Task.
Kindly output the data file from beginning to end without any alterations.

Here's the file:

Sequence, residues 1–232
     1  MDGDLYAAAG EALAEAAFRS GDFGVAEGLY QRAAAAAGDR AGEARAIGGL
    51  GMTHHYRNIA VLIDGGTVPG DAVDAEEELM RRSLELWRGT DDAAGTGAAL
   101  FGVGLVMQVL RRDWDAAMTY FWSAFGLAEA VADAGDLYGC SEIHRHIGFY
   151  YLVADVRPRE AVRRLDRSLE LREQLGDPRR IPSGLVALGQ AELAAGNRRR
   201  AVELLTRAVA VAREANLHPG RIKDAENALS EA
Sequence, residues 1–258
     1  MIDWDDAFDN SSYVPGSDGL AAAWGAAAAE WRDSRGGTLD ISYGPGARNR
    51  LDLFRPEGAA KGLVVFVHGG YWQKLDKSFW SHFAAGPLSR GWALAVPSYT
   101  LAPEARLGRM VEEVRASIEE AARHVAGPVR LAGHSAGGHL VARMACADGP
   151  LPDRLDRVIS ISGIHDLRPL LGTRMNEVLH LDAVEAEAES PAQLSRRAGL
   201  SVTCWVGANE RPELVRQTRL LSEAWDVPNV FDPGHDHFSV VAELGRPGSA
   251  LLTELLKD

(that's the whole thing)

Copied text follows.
Sequence, residues 1–232
     1  MDGDLYAAAG EALAEAAFRS GDFGVAEGLY QRAAAAAGDR AGEARAIGGL
    51  GMTHHYRNIA VLIDGGTVPG DAVDAEEELM RRSLELWRGT DDAAGTGAAL
   101  FGVGLVMQVL RRDWDAAMTY FWSAFGLAEA VADAGDLYGC SEIHRHIGFY
   151  YLVADVRPRE AVRRLDRSLE LREQLGDPRR IPSGLVALGQ AELAAGNRRR
   201  AVELLTRAVA VAREANLHPG RIKDAENALS EA
Sequence, residues 1–258
     1  MIDWDDAFDN SSYVPGSDGL AAAWGAAAAE WRDSRGGTLD ISYGPGARNR
    51  LDLFRPEGAA KGLVVFVHGG YWQKLDKSFW SHFAAGPLSR GWALAVPSYT
   101  LAPEARLGRM VEEVRASIEE AARHVAGPVR LAGHSAGGHL VARMACADGP
   151  LPDRLDRVIS ISGIHDLRPL LGTRMNEVLH LDAVEAEAES PAQLSRRAGL
   201  SVTCWVGANE RPELVRQTRL LSEAWDVPNV FDPGHDHFSV VAELGRPGSA
   251  LLTELLKD